Cancer research breakthrough
Image Credit: Vijith Pulikkal/Gulf News


  • Trial shows, for the first time, how a single-agent drug deals a “knockout blow” on a type of cancer.
  • Dostarlimab worked astonishingly well in a small trial — on 12 patients — with lab-confirmed rectal cancer patients.
  • It’s the first time a clinical trial showed 100% eradication of the rectal cancer tumours in humans.

It is reported as one of the most surprising developments in cancer treatment and research. All the 12 rectal cancer patients who took part in a clinical trial were found completely cured of the disease after they took the drug dostarlimab for six months. They were fighting locally advanced form of rectal cancer at the Memorial Sloan Kettering Cancer Center in Manhattan, US. The drug, costing about $11,000 per dose, was given every three weeks for six months, according to a medical journal. At the end of the trial, they were all found cancer-free when screened through endoscopy, PET scans (positron emission tomography) and MRI scans.

"Astonishing." "Unexpected." "A miracle." 

These are some of the superlatives used to describe an exciting new drug — known as dostarlimab — used in a cancer study. Yes, it’s too early to call it a “cure”, and a further, bigger study is certainly needed.

Yet the results stumped even the researchers: a 100% remission in every one of the 12 rectal cancer patients who signed up for the clinical trial, a new study shows.

The experimental drug, a monoclonal antibody therapy, recruits the patient’s own immune cells to start fighting cancerous cells.

Dostarlimab is known by the medical research community as a “PD-1 blockade” drug and “checkpoint inhibitor”.

There were 12 patients in the trial with lab-confirmed subset of cancer known as "mismatch repair–deficient (dMMR)” locally advanced colorectal cancer.

What we hope to do is to be able to replicate these findings in other tumours that are mismatch repair–deficient — such as stomach cancer, pancreas cancer, bladder cancer.

- Dr. Andrea Cercek, Medical Oncologist, Memorial Sloan Kettering Cancer Centre

‘Programmed cell death’ for cancer

Researchers in New York’s Memorial Sloan Kettering Cancer Centre in Manhattan have found that the drug works against dMMR colorectal cancer — in what amounts to a “programmed death” for the cancer cells.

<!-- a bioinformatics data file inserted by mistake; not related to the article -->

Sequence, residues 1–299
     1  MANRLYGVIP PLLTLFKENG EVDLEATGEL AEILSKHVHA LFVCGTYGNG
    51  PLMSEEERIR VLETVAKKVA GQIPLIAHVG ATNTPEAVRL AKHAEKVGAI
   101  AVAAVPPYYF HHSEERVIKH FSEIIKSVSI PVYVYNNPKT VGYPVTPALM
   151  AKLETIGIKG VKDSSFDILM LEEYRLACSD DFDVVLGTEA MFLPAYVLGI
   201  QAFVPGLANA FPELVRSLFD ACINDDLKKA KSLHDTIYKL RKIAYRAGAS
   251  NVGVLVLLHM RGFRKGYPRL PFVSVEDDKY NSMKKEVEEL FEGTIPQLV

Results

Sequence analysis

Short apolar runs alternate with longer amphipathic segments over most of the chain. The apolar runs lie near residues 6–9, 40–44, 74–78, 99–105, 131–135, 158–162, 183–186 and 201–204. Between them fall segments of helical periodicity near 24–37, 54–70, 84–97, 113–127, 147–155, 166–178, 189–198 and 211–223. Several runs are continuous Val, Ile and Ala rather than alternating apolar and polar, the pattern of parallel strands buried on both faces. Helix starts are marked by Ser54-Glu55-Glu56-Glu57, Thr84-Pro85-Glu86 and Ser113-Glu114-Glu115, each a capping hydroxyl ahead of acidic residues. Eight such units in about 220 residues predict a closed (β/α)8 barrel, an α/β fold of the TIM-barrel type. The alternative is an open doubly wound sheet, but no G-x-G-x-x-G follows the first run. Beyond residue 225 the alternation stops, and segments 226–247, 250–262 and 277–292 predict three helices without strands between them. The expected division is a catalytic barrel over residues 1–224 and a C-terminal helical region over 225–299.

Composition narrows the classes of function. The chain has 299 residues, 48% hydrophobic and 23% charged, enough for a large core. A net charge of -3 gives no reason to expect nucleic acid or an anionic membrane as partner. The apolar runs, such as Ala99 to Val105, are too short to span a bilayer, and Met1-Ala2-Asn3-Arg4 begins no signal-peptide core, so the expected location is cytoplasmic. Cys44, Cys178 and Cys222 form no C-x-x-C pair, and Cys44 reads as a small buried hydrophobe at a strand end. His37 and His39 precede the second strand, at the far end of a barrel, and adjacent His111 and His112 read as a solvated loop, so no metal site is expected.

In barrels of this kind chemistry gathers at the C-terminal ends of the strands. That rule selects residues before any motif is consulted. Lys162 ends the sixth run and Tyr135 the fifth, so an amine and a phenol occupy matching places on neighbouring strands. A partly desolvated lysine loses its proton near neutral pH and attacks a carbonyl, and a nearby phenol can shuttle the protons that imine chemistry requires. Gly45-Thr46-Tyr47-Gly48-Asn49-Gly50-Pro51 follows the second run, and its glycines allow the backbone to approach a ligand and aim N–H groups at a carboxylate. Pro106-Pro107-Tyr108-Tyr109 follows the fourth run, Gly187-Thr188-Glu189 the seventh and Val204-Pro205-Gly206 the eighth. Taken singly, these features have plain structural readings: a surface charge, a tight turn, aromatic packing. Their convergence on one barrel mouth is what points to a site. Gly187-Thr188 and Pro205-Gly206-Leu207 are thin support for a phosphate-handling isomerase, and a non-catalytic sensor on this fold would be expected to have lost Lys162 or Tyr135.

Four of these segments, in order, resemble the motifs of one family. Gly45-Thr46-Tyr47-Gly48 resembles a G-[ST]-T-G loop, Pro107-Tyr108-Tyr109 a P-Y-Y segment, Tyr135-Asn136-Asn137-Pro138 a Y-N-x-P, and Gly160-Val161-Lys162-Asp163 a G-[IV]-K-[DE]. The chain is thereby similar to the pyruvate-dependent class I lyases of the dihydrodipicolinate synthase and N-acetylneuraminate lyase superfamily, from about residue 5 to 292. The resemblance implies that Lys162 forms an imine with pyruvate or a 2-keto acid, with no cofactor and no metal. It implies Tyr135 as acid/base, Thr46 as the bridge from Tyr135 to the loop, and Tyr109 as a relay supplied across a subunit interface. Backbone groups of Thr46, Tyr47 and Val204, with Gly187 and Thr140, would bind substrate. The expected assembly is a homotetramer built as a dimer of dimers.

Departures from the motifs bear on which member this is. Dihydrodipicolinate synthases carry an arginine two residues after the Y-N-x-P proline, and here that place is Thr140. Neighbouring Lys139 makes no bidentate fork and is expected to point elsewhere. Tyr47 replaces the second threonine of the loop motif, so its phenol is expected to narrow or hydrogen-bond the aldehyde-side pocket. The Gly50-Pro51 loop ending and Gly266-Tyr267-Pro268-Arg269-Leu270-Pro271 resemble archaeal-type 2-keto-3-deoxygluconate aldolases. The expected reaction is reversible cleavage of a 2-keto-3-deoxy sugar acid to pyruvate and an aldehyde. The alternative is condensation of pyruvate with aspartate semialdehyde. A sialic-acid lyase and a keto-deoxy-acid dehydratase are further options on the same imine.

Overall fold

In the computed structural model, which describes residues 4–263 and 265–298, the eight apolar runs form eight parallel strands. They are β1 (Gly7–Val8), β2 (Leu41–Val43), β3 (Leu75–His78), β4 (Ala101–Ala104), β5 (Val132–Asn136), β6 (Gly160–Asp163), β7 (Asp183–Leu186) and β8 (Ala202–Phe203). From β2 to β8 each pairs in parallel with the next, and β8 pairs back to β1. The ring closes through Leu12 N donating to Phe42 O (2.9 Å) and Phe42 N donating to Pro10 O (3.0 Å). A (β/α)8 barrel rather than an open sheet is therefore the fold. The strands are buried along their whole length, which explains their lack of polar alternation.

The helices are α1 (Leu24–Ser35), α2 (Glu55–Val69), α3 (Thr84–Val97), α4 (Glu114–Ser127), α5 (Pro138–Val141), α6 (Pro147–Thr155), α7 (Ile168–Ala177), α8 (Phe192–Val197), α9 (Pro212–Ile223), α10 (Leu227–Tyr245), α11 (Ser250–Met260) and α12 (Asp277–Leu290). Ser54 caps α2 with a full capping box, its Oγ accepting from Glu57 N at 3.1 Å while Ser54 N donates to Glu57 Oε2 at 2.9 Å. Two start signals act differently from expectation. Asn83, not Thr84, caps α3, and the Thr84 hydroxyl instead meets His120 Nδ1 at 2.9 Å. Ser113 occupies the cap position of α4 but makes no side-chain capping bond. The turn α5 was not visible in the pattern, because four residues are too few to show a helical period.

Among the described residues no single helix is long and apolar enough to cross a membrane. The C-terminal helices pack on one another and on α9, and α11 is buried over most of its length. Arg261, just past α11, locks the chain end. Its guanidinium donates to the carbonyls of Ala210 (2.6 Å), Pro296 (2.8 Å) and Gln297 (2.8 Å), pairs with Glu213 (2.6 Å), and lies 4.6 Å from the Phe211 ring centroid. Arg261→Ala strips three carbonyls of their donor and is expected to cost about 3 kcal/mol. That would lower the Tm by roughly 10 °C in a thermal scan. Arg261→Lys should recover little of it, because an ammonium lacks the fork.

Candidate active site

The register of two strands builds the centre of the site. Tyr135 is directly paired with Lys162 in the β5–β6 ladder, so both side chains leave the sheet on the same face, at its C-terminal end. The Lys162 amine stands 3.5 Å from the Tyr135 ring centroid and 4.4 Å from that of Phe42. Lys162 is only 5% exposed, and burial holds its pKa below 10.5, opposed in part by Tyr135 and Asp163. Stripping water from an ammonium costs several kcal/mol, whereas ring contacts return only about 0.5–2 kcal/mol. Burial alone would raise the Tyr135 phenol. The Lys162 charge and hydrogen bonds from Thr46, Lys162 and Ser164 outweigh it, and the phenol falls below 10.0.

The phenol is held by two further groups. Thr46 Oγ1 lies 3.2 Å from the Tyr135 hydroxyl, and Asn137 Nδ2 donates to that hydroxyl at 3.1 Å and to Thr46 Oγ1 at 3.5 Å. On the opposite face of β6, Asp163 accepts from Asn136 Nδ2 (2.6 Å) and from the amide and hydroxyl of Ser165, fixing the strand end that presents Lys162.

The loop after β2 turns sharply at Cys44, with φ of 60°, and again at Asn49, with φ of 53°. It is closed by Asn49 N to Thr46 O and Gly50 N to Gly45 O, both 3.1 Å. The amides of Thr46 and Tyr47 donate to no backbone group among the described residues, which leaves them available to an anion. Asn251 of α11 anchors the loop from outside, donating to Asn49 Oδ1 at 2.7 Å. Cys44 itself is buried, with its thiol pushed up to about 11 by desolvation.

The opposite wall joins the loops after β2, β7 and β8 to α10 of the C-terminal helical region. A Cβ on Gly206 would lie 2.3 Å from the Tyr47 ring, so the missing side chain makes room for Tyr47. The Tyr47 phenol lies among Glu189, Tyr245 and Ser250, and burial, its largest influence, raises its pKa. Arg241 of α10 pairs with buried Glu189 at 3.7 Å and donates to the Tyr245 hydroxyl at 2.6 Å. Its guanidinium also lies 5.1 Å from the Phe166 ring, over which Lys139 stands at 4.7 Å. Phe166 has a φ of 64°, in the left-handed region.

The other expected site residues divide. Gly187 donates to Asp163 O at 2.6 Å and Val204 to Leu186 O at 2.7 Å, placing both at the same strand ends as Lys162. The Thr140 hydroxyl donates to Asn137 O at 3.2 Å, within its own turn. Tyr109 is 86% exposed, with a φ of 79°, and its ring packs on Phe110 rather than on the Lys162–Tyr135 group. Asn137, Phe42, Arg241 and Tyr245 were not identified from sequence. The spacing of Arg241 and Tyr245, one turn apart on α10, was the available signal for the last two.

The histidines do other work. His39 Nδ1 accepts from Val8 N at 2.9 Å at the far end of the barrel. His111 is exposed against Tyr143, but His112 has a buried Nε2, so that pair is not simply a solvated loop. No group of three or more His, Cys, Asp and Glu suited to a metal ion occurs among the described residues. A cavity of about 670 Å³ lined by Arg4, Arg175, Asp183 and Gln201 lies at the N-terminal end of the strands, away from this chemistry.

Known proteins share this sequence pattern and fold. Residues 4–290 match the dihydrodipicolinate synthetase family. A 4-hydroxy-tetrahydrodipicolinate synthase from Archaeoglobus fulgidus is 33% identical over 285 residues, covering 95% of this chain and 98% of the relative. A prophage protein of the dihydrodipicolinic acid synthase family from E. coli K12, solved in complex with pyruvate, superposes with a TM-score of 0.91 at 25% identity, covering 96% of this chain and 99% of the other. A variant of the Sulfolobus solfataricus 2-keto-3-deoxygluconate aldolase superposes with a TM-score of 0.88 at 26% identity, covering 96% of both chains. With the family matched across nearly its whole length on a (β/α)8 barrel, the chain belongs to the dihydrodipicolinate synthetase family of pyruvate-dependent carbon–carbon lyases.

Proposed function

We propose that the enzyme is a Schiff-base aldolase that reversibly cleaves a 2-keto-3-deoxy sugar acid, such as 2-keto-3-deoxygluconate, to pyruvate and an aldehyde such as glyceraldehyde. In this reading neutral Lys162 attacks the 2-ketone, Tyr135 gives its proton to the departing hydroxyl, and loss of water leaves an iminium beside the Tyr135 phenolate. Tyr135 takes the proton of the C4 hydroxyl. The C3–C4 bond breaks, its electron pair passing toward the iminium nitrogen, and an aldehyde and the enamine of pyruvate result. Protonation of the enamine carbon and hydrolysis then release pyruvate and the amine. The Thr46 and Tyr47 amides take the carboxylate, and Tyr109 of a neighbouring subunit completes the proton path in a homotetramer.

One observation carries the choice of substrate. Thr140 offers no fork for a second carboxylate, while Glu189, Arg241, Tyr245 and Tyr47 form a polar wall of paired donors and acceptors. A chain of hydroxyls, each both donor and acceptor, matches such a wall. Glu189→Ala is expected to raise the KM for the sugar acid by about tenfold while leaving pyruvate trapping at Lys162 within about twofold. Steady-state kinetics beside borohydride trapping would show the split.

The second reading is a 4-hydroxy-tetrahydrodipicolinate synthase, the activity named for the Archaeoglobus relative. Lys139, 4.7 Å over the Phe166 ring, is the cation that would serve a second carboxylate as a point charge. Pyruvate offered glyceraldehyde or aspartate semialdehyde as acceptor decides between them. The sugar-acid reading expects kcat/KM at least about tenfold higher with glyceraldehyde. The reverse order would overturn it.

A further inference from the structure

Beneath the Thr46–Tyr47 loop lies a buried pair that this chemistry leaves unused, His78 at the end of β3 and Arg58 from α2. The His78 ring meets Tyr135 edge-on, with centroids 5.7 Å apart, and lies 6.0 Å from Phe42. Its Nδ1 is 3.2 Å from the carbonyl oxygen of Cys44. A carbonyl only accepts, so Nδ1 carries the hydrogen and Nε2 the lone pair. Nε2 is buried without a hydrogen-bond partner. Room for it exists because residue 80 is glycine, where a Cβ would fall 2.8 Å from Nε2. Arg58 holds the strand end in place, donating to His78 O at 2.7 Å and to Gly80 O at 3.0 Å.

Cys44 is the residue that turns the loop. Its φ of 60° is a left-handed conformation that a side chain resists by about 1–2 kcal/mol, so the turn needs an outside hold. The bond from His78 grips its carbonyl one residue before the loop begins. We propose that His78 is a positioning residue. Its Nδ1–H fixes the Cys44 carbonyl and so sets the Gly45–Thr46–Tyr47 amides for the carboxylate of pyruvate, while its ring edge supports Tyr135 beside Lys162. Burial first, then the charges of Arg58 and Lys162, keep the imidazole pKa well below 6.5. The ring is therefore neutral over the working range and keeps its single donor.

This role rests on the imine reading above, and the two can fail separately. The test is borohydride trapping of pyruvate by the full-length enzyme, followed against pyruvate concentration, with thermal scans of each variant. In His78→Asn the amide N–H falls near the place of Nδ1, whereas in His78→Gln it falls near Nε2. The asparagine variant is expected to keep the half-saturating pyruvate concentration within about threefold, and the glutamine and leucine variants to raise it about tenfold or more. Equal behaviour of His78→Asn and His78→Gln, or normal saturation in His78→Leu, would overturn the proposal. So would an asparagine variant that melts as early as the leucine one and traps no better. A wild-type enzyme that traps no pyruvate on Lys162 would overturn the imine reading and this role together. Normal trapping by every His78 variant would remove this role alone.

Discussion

The 100% success rate, however, was found in a small number of trial

participants — a total of 12 patients with lab-confirmed, locally-advanced solid tumour Stage II and III rectal cancer.

Cancer specialists who are not part of the research team hailed the initial findings as a potential “game-changer”.

Following are the key things to know:

Why is it called a medical “breakthrough”?

It’s the first time a single-agent drug was found to work against a specific type of cancer in a clinical trial involving humans.

This is also the first time that this treatment was used for mismatch repair–deficient (dMMR) colorectal cancer, which resulted in 100% remission in every single patient.

Image Credit: Vijith Pulikkal/Gulf News

What is the drug called? What does it do?

The drug is called dostarlimab. It belongs to a class of drugs known as “immune checkpoint inhibitor”.

Essentially, it takes the breaks off of the person’s natural immune system. Dostarlimab is an anti–PD-1 monoclonal antibody (“PD” stands for “programmed death”).

How big was the drug trial?

It was a small clinical trial — 12 patients signed up. All were diagnosed with early-stage colorectal tumours — from Stages 1 to 3.

Patients' reaction

Here’s the reaction from some of the patients who participated in the trial.

How was it administered? Who is the drugmaker?

Single-agent dostarlimab was administered every 3 weeks for 6 months in patients with mismatch repair–deficient stage II or III rectal adenocarcinoma. The trial was known as a “prospective phase 2 study”.

GlaxoSmithKline developed dostarlimab, under the brand name Jemperli.

What’s the history behind the drug?

Jemperli is the brand name of dostarlimab-gxly, which is used for the treatment of advanced solid tumours. Jemperli received approval from the US Food and Drug Administration (FDA) in 2021 for mismatch repair-deficient (dMMR) solid tumours after having been approved for the dMMR endometrial cancer indication.